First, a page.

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Pope draws fire from left and right

NEW YORK – The Catholic Church is catching flak from conservative believers after Pope Francis’ controversial views offended investors set to help fund the restoration of a major New York cathedral.

But the pope is also coming to learn that when he appears to withdraw a compassionate message to apply the dictates of Church doctrine, ideologues on the political left are equally quick to object.

This week, Francis found himself at the center of two controversies, one involving a wealthy Catholic donor and another over a rebuke he issued a Catholic bishop on an issue of morals.

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Can the rich attain heaven?

The dust-up over money involved Ken Langone, a wealthy Catholic self-made man and billionaire investor that Forbes pegs with a $2.1 billion net worth, perhaps best known for having founded Home Depot.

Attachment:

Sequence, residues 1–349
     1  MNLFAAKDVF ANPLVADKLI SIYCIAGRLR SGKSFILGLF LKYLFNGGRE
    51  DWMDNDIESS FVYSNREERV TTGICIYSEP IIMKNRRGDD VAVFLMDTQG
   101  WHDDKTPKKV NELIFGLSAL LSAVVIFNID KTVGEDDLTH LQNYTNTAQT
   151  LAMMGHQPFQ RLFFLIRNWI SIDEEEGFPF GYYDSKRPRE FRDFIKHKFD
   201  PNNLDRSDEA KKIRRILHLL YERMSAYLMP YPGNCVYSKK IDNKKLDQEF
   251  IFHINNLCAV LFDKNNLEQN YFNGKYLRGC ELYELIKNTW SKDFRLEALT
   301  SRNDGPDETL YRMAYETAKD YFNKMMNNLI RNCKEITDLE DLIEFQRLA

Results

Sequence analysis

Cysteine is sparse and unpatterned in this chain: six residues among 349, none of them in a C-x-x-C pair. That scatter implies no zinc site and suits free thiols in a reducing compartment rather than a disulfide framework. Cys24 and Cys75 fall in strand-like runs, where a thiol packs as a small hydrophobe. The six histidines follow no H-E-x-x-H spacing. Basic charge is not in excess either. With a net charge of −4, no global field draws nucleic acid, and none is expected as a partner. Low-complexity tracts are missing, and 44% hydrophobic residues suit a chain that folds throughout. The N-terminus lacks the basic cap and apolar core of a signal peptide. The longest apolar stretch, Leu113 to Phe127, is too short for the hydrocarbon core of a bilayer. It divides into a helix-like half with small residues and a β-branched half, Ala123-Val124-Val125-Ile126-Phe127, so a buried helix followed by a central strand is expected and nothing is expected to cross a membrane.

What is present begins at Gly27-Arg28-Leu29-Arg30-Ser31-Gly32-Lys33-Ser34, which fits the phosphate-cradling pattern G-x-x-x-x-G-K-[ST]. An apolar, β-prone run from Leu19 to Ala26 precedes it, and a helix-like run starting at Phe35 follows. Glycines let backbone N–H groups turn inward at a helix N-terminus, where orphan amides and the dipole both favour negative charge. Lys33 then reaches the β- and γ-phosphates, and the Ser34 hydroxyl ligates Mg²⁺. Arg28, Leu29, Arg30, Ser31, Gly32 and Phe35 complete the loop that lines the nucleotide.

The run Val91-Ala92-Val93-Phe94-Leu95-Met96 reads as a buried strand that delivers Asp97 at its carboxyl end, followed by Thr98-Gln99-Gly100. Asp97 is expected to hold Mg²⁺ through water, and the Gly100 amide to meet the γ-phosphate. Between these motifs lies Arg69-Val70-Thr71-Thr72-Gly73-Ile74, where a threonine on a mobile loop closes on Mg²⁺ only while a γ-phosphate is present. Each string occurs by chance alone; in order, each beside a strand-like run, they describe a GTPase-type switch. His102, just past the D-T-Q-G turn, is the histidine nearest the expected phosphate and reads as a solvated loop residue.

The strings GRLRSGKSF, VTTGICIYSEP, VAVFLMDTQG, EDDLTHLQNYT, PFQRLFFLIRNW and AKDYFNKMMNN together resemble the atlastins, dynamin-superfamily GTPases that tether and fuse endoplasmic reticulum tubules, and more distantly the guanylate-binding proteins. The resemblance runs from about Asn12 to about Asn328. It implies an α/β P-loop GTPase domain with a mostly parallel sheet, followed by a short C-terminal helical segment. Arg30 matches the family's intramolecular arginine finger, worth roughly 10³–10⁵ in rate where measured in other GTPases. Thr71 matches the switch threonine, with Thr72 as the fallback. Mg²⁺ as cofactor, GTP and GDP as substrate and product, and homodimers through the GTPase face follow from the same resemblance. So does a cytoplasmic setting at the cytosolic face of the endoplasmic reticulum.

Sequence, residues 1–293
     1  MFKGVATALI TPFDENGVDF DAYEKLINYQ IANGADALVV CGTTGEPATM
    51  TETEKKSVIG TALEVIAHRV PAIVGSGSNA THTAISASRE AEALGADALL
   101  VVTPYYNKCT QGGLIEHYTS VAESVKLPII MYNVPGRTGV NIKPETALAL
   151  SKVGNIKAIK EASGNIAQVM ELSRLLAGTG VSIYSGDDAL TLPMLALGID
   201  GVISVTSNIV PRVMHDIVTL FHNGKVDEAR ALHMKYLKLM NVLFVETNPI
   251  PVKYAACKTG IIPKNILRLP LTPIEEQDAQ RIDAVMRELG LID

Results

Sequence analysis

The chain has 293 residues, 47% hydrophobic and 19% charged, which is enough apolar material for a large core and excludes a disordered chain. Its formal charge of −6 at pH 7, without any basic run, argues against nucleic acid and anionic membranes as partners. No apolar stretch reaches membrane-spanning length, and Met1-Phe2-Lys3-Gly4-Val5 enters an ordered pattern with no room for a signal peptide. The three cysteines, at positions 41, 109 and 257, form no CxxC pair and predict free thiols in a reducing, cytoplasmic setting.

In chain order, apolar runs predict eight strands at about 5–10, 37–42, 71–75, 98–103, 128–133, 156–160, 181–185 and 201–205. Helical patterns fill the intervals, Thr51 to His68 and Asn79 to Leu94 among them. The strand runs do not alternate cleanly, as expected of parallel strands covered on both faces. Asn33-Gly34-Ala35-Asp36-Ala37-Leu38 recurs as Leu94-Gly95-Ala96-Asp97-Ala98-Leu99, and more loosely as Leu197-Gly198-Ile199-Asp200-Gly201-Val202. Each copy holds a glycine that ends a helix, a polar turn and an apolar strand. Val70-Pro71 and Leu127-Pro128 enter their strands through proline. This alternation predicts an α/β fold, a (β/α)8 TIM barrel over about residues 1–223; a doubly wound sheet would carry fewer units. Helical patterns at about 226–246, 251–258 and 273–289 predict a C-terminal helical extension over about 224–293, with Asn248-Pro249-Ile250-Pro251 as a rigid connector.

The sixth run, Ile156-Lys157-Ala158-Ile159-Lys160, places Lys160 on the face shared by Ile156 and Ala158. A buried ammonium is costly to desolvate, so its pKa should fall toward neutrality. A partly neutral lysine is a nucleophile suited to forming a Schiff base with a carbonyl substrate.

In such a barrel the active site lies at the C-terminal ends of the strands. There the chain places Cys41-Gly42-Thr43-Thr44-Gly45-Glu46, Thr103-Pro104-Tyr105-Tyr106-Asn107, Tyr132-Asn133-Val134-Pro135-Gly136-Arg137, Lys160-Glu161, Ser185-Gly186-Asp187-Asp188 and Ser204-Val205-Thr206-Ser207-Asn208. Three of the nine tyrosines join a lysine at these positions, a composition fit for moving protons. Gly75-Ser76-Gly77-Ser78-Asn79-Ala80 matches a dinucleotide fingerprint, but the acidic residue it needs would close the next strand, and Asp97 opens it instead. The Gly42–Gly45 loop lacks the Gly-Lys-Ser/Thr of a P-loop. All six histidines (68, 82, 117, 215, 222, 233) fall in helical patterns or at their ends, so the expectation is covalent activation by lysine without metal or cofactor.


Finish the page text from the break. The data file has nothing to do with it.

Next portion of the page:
Langone took umbrage at the 84-page apostolic exhortation titled  “Evangelii Gaudium,” or in English, “The Joy of the Gospel,” which Pope Francis published in November.

As WND reported, Francis urged income redistribution with an enthusiasm that critics contend would make most socialists proud.

This message turns out to be inconvenient for Cardinal Timothy Dolan, who is currently counting on Langone to spearhead the effort to raise $180 million for the restoration of St. Patrick’s Cathedral on Fifth Avenue in New York City.

Last week, Langone told CNBC that at least one potential seven-figure donor expressed concern about statements from the pope criticizing market economies as “exclusionary” while suggesting “a culture of prosperity” leads some wealthy individuals to become “incapable of feeling compassion for the poor.”

Langone told CNBC he brought the issue up with Cardinal Dolan at a breakfast earlier this month.

“I told the cardinal, ‘Your Eminence, this is one more hurdle I hope we don’t have to deal with,'” Langone explained. “You want to be careful about generalities. Rich people in one country don’t act the same as rich people in another country.”